Believe me, I wouldn’t have gotten up if she’d just been one of those whiny types. I hate whiners! Over the next few days, I discovered she was funny and irreverent and completely unprepared for the life that had just reached up and chosen her. She had depth and empathy and also she was scared out of her mind, which always fascinates me about people.
I quickly decided I knew how things were going to turn out in this book. I went to work every day, typing up the story, weaving in subplots that showed up, (thank you, subplots), and enjoying the details of Rosie’s agonies and ecstasies. I had sex scenes and food scenes and people dancing in the living room and cheating at Scrabble and fighting and making up…and then one day I got close to the end of the book and the bottom fell out.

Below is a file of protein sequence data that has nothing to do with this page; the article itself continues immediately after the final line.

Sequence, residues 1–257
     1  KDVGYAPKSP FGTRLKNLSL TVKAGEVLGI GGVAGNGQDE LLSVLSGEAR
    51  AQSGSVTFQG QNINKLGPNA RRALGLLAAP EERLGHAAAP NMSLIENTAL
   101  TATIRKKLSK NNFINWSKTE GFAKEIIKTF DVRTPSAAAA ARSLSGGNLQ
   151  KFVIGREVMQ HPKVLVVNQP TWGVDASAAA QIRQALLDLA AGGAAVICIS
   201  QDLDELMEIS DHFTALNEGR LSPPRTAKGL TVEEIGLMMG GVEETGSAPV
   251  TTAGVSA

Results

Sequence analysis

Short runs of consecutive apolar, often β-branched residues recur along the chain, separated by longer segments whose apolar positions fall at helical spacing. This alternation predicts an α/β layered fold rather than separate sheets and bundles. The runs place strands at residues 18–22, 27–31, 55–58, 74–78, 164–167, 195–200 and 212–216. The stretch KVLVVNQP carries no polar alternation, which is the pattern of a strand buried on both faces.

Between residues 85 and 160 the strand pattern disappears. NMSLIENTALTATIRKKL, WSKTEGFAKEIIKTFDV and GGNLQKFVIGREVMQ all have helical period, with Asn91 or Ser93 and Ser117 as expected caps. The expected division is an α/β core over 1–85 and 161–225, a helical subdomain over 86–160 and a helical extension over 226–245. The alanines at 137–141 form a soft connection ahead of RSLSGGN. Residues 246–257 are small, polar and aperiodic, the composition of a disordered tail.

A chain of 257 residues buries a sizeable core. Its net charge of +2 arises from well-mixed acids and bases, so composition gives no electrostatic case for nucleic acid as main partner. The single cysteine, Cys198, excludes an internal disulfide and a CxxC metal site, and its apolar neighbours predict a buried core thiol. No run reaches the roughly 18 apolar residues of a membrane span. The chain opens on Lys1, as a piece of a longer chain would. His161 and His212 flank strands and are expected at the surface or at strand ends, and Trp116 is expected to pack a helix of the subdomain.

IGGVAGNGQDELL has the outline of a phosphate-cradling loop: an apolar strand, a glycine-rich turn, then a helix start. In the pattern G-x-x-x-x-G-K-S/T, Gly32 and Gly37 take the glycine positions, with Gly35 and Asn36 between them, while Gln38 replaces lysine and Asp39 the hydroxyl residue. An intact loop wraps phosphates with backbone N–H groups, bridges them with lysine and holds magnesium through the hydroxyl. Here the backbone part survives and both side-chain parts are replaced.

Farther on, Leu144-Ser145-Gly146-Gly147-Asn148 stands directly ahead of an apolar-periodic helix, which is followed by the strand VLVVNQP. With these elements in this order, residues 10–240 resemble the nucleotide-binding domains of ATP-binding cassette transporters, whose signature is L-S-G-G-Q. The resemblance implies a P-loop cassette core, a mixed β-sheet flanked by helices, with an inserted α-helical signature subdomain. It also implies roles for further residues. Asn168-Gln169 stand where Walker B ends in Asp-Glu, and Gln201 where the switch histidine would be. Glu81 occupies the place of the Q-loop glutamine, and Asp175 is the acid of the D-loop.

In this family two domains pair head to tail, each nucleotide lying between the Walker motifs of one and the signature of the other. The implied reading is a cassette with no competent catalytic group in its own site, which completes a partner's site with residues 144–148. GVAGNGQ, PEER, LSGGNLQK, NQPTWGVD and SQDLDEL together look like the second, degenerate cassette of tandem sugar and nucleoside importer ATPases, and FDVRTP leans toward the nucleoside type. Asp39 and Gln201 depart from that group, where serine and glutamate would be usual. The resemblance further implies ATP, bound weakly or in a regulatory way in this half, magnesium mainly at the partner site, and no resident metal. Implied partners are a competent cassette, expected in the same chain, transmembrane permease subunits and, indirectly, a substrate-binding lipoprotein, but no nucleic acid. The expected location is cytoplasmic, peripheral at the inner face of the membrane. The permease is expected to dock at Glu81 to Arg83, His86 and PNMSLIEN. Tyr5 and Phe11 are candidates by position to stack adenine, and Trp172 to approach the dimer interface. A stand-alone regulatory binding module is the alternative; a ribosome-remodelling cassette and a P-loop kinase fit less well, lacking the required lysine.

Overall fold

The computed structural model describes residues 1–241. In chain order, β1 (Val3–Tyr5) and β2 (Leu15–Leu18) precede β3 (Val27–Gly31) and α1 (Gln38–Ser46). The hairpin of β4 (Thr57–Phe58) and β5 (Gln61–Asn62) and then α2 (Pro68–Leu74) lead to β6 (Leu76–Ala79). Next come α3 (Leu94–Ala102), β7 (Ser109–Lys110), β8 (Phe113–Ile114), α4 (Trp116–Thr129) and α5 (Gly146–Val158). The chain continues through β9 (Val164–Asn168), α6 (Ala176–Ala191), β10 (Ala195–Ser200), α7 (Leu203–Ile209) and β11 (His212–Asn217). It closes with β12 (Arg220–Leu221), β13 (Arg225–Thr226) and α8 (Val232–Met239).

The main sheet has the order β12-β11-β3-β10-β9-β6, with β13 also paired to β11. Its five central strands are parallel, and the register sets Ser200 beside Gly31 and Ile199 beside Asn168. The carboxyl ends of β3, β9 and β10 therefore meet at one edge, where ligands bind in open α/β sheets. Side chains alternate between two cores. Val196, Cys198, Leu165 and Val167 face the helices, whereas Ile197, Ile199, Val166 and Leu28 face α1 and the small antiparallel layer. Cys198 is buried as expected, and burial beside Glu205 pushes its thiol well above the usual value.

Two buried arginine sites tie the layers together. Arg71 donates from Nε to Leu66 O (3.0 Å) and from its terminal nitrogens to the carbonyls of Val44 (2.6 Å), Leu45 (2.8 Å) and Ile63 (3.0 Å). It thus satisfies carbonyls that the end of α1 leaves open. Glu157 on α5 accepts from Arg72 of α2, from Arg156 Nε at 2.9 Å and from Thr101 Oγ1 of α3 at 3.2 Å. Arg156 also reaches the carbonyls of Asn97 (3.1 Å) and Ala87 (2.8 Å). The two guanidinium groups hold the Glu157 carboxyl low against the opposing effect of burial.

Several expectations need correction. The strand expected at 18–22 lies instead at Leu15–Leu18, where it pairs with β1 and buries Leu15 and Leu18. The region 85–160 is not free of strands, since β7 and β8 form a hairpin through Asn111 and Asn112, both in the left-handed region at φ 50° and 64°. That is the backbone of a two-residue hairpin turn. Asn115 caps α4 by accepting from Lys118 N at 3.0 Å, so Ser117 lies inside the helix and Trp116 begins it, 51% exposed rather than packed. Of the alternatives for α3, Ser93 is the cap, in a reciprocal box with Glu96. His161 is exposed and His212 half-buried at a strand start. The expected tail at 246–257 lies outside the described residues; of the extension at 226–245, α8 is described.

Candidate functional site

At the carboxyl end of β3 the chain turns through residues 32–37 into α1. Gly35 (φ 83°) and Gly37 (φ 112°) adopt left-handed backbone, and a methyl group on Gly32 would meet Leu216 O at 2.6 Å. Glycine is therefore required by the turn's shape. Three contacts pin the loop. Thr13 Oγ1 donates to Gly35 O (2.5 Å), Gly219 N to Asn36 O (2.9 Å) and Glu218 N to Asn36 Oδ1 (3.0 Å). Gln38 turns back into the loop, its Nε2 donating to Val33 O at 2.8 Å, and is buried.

Rosie refused to do what I thought she and I had agreed that she would do. It wouldn’t work, she said. It would, I told her.
And then she said: No way.
My friends argued with me, pointing out that it was MY book, that Rosie wasn’t—you know, really real—and urging me to write the book the way I thought it should be. So I tried that, and it didn’t work. Fell flat.
I guess the point is that you breathe life into these characters who show up and agree to talk to you, and then—just like with the real humans you raised—there comes a time when you have to listen to them. We read to be intrigued, delighted, and to find out what happens next—and sometimes, it turns out, writers are just as surprised as readers by what our characters decide to do.